As well as the pandemic – public servants falling ill or having to work from home – Echavarria believes that many of the delays were caused by the fact that everyone was trying to apply or exchange their residency cards at the last minute, all at the same time, and that authorities didn’t have the resources to keep up with the demand, creating a huge backlog in applications.

READ ALSO: BREXIT: What Britons need to know about visas for Spain

So how long are residency applications actually taking to be processed right now and what can you expect?

Martínez from Balcells Group says that on average, residency applications for his clients are taking between three to six months to be processed from start to finish.

Echavarría from Fairway Lawyers agrees, saying that his clients average around four to five months to get their residency cards. “It takes around two months to be approved, then you have to wait and arrange your appointment for fingerprinting, followed by waiting for another appointment to pick up your card when it’s ready,” he said.

Can getting legal help sort out these issues and speed up the residency process at all?

“Yes, we have a tried and tested system to be able to assist our clients to obtain their TIE cards,” says McMillan. “Our law firm has extensive knowledge to assist residency applications and we speak multiple languages, allowing for the process to go more smoothly,” he adds.

“At our office, we try to devote as much time as needed for the client to fully understand all the options they have, and then, after analysing their situation, we devise the best possible alternative to help,” explains Martínez.

“Yes it definitely speeds things up, not only because foreigners save a lot of time when it comes to knowing what documents to prepare and actually preparing them, but also because we submit all applications online through a platform enabled by the Spanish government, which is just for lawyers,” he adds. “We also know how to get appointments faster, even during these times”.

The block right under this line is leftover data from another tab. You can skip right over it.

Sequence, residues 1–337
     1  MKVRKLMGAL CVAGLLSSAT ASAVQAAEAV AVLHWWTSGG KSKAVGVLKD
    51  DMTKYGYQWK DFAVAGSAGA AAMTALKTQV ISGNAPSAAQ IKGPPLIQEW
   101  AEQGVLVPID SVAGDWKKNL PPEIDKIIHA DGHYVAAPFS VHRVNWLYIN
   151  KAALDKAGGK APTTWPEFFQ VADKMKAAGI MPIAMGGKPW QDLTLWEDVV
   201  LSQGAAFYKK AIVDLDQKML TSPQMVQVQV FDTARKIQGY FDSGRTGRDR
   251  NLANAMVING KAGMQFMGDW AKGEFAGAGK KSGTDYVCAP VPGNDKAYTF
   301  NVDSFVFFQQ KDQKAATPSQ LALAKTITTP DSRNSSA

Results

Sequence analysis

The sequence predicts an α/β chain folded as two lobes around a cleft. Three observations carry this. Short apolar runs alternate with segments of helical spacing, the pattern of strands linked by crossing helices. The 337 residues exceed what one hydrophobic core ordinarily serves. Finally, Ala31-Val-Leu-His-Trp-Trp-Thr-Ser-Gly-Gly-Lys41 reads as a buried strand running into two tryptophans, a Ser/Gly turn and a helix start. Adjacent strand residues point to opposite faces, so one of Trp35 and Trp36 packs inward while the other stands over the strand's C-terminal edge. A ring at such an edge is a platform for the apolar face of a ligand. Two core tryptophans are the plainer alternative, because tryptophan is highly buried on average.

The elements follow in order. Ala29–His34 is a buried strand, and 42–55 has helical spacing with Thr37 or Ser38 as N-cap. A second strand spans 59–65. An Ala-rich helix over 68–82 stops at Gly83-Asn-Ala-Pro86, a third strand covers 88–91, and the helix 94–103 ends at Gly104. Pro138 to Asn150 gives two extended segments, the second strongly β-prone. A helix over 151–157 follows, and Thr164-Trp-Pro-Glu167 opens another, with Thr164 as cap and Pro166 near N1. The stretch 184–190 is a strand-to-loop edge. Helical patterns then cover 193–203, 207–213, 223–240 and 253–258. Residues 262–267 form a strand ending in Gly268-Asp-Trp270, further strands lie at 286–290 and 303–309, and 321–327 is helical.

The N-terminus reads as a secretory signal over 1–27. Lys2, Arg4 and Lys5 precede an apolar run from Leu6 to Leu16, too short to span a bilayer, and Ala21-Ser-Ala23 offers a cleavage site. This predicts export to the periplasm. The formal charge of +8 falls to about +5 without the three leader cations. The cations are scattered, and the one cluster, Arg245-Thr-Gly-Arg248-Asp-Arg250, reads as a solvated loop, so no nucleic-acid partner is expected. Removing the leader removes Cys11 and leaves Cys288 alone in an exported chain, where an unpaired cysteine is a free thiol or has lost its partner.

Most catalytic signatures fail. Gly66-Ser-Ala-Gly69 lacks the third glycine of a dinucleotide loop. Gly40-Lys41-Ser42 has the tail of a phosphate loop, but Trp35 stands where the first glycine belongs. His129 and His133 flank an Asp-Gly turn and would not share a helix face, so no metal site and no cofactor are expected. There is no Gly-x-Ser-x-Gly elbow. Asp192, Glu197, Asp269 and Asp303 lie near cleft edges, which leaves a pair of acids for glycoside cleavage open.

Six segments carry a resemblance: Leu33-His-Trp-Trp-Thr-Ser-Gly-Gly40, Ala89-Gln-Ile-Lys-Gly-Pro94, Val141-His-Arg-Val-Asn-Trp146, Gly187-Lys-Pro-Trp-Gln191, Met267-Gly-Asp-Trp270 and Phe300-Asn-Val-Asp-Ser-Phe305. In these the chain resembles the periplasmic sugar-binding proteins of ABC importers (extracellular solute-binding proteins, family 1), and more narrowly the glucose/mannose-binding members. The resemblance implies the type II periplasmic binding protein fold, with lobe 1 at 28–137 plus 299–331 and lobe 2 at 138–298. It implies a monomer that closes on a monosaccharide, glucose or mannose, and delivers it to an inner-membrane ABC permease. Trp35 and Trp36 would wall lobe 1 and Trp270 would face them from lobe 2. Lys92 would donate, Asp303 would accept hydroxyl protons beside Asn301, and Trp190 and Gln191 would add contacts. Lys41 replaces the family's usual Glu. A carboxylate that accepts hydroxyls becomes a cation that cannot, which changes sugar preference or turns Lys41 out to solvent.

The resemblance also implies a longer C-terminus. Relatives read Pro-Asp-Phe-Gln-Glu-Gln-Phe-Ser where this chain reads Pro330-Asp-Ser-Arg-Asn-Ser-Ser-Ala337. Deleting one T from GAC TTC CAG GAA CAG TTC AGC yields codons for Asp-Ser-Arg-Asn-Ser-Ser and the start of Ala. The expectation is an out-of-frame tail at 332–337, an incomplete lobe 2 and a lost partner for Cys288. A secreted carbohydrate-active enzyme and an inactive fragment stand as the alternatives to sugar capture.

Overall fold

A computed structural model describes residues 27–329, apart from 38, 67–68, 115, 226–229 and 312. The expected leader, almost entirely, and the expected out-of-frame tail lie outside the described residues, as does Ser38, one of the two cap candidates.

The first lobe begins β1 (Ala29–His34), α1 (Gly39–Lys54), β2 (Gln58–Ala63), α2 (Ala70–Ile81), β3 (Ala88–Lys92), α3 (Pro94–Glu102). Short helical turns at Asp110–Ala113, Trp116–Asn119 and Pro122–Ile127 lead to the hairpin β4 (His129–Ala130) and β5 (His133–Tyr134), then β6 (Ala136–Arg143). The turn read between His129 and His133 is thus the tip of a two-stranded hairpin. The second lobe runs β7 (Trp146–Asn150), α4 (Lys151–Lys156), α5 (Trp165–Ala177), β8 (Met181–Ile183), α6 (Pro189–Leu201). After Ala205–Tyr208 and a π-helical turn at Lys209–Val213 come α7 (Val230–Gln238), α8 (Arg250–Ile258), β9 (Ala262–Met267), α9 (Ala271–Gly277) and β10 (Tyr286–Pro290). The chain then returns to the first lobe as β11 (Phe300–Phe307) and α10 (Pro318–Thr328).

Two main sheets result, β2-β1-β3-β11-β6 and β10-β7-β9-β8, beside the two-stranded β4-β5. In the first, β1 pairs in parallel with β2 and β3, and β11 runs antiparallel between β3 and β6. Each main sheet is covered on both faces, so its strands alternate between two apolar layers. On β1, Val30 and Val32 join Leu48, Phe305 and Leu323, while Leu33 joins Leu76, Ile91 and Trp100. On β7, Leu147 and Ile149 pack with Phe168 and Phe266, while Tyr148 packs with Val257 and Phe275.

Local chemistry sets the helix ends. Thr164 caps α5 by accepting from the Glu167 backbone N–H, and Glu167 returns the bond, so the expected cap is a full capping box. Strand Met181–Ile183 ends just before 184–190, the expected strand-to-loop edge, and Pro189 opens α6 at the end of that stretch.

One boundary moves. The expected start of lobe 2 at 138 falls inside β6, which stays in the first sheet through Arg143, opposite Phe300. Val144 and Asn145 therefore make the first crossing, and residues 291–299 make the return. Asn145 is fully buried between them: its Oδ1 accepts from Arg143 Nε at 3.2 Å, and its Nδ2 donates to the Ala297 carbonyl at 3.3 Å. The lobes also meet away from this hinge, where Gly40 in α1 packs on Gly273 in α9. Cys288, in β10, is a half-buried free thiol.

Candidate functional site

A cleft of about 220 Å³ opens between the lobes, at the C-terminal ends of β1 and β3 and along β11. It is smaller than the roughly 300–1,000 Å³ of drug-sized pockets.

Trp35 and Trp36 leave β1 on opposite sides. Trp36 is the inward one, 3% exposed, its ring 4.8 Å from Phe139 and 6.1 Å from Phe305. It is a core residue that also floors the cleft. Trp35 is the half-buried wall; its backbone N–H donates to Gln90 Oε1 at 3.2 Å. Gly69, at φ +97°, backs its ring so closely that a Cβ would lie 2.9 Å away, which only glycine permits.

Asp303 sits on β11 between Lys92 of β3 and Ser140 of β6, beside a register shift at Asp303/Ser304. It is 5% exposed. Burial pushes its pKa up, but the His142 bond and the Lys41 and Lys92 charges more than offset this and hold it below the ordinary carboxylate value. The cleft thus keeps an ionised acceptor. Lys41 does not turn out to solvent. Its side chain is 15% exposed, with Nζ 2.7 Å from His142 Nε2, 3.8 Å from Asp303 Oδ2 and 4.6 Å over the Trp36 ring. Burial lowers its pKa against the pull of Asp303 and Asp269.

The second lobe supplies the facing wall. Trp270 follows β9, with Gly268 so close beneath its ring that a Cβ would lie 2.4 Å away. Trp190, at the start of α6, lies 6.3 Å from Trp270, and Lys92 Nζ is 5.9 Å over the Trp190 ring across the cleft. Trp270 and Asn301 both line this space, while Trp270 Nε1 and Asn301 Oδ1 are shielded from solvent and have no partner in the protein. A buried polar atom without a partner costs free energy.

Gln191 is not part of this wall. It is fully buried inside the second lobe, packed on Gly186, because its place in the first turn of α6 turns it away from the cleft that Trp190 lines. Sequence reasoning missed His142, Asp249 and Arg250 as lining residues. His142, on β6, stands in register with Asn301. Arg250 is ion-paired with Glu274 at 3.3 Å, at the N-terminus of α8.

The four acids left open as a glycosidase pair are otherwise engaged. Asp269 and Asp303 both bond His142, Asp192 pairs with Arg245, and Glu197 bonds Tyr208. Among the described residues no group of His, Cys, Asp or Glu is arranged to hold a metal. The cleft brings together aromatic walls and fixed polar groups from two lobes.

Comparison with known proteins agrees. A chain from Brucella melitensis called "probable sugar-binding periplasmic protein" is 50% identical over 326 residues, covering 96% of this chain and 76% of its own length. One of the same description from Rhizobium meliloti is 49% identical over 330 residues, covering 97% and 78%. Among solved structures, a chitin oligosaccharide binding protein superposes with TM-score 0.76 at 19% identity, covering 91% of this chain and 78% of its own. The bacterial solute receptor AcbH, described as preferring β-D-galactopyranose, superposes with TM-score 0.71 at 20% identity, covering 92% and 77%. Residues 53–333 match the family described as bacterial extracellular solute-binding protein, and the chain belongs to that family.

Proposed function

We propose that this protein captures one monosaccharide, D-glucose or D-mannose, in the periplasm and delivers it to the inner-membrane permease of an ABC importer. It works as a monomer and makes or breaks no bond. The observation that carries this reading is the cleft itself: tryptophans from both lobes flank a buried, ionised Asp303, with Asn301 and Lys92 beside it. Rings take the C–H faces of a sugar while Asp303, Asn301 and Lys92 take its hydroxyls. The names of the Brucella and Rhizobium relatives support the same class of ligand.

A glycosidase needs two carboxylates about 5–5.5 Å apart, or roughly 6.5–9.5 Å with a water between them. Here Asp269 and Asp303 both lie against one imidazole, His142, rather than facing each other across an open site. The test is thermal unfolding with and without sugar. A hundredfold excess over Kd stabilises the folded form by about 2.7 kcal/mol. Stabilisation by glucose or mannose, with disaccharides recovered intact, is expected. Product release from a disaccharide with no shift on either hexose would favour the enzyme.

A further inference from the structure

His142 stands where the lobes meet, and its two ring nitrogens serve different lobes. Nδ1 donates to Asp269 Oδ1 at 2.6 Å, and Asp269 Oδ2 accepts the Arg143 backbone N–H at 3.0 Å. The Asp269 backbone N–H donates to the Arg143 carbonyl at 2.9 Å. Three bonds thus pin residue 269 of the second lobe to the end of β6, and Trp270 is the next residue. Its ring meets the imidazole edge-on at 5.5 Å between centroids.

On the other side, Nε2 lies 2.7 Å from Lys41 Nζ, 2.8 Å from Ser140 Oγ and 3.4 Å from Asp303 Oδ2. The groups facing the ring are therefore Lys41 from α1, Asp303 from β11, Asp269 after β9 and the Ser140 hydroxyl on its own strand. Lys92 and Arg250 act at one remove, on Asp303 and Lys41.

Echavarria tells us that hiring a lawyer can definitely help because they know all the correct paperwork to provide with each application and exactly what evidence to gather, from lots of experience. “Getting a lawyer can also help avoid rejections and having to go through an appeal,” he explains. “But most lawyers cannot help speed up the actual process once the application has been submitted,” he warns, saying that it will still take four to five months to get the residency card in your hand.

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BREXIT

UK driving licences in Spain: When no news is bad news

The UK Ambassador to Spain has given an update on the driving licence debacle, with nothing new to genuinely give hope to the thousands of in-limbo drivers whose increasing frustration has led one group to try and take matters into their own hands.

UK driving licences in Spain: When no news is bad news

It’s been almost five months since UK driving licence holders residing in Spain were told they could no longer drive on Spanish roads. 

Since that fateful May 1st, an unnamed number of the approximately 400,000 UK nationals who are residents in Spain, as well as hundreds if not thousands of Spaniards and foreign nationals who passed their driving test in the UK, have not been able to use their vehicles in Spain or even rent one. 

What adds insult to injury is that British tourists visiting Spain can rent a car without any issue. The fact that Spanish licence holders living in the UK can also continue to exchange their permits in the UK 21 months after Brexit came into force is equally hard to swallow.

READ MORE: ‘An avoidable nightmare’ – How UK licence holders in Spain are affected by driving debacle

The latest update from UK Ambassador to Spain Hugh Elliott on September 27th has done little to quell the anger and sense of helplessness felt by those caught in this bureaucratic rabbit hole.

“I wanted to talk to you personally about the driving licences negotiations, which I know are continuing to have a serious impact on many of you,” Elliott began by saying.